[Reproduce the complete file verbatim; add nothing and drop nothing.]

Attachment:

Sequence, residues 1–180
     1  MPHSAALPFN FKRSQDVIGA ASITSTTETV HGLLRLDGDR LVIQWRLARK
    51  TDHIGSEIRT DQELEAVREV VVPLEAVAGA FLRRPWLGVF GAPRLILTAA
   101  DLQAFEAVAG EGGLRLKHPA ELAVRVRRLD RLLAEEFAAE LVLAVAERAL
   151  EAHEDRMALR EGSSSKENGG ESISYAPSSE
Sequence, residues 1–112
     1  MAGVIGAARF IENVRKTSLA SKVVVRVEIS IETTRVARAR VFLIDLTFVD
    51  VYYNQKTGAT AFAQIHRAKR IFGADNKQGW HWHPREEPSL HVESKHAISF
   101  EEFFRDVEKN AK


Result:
Sequence, residues 1–180
     1  MPHSAALPFN FKRSQDVIGA ASITSTTETV HGLLRLDGDR LVIQWRLARK
    51  TDHIGSEIRT DQELEAVREV VVPLEAVAGA FLRRPWLGVF GAPRLILTAA
   101  DLQAFEAVAG EGGLRLKHPA ELAVRVRRLD RLLAEEFAAE LVLAVAERAL
   151  EAHEDRMALR EGSSSKENGG ESISYAPSSE
Sequence, residues 1–112
     1  MAGVIGAARF IENVRKTSLA SKVVVRVEIS IETTRVARAR VFLIDLTFVD
    51  VYYNQKTGAT AFAQIHRAKR IFGADNKQGW HWHPREEPSL HVESKHAISF
   101  EEFFRDVEKN AK